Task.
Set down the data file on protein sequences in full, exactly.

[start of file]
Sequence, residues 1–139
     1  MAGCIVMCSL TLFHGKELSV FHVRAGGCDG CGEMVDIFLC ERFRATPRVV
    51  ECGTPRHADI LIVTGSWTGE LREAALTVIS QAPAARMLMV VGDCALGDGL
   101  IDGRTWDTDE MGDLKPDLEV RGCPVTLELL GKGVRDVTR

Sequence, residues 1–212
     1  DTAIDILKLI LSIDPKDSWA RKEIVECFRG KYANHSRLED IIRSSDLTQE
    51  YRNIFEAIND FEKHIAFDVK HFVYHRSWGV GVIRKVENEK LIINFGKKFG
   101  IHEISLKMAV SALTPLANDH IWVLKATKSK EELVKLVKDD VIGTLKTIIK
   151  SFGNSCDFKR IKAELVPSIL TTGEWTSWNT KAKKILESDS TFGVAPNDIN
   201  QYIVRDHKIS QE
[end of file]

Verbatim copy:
Sequence, residues 1–139
     1  MAGCIVMCSL TLFHGKELSV FHVRAGGCDG CGEMVDIFLC ERFRATPRVV
    51  ECGTPRHADI LIVTGSWTGE LREAALTVIS QAPAARMLMV VGDCALGDGL
   101  IDGRTWDTDE MGDLKPDLEV RGCPVTLELL GKGVRDVTR

Sequence, residues 1–212
     1  DTAIDILKLI LSIDPKDSWA RKEIVECFRG KYANHSRLED IIRSSDLTQE
    51  YRNIFEAIND FEKHIAFDVK HFVYHRSWGV GVIRKVENEK LIINFGKKFG
   101  IHEISLKMAV SALTPLANDH IWVLKATKSK EELVKLVKDD VIGTLKTIIK
   151  SFGNSCDFKR IKAELVPSIL TTGEWTSWNT KAKKILESDS TFGVAPNDIN
   201  QYIVRDHKIS QE